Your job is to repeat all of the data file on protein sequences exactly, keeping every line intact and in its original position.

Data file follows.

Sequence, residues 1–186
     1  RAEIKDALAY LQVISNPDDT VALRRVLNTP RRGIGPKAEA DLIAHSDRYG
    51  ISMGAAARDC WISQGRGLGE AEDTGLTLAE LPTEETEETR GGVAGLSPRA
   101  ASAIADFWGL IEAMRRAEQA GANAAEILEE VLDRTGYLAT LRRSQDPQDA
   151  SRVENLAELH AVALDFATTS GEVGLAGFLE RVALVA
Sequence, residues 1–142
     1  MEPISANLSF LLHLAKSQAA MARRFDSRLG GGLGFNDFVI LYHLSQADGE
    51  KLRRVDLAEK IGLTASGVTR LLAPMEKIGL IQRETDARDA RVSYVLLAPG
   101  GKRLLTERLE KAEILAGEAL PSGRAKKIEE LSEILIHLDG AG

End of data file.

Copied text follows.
Sequence, residues 1–186
     1  RAEIKDALAY LQVISNPDDT VALRRVLNTP RRGIGPKAEA DLIAHSDRYG
    51  ISMGAAARDC WISQGRGLGE AEDTGLTLAE LPTEETEETR GGVAGLSPRA
   101  ASAIADFWGL IEAMRRAEQA GANAAEILEE VLDRTGYLAT LRRSQDPQDA
   151  SRVENLAELH AVALDFATTS GEVGLAGFLE RVALVA
Sequence, residues 1–142
     1  MEPISANLSF LLHLAKSQAA MARRFDSRLG GGLGFNDFVI LYHLSQADGE
    51  KLRRVDLAEK IGLTASGVTR LLAPMEKIGL IQRETDARDA RVSYVLLAPG
   101  GKRLLTERLE KAEILAGEAL PSGRAKKIEE LSEILIHLDG AG